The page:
I also wondered how Leonhard Euler arrived at all those formulae and equations. In many cases he did a finite difference on the problem and then let h -> 0. Clever. Euler-Lagrange QuoteIn solving optimisation problems in function spaces, Euler made extensive use of this `methodof finite differences'. By replacing smooth curves by polygonal lines, he reduced the problem offinding extrema of a function to the problem of finding extrema of a function of n variables, andthen he obtained exact solutions by passing to the limit as n ! 1. In this sense, functions canbe regarded as `functions of infinitely many variables' (that is, the infinitely many values of x(t)at different points), and the calculus of variations can be regarded as the corresponding analog ofdifferential calculus of functions of n real variables.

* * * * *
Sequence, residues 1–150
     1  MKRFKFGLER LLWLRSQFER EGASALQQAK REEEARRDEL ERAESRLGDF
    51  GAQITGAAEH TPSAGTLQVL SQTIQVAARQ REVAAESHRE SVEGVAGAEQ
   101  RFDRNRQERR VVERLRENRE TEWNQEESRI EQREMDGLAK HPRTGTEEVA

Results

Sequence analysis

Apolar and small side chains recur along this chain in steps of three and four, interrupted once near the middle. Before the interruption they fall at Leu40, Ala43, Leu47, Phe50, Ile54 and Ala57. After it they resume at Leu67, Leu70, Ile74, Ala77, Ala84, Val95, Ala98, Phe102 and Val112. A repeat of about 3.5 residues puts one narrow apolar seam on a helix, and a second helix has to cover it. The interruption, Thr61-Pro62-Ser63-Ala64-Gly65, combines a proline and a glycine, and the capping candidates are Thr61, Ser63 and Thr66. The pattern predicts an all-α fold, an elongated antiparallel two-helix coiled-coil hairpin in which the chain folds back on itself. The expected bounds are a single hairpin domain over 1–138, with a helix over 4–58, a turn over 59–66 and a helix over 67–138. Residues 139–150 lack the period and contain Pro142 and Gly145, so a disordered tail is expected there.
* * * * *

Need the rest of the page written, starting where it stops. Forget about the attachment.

Last edited by Cuchulainn
on February 11th, 2015, 11:00 pm, edited 1 time in total.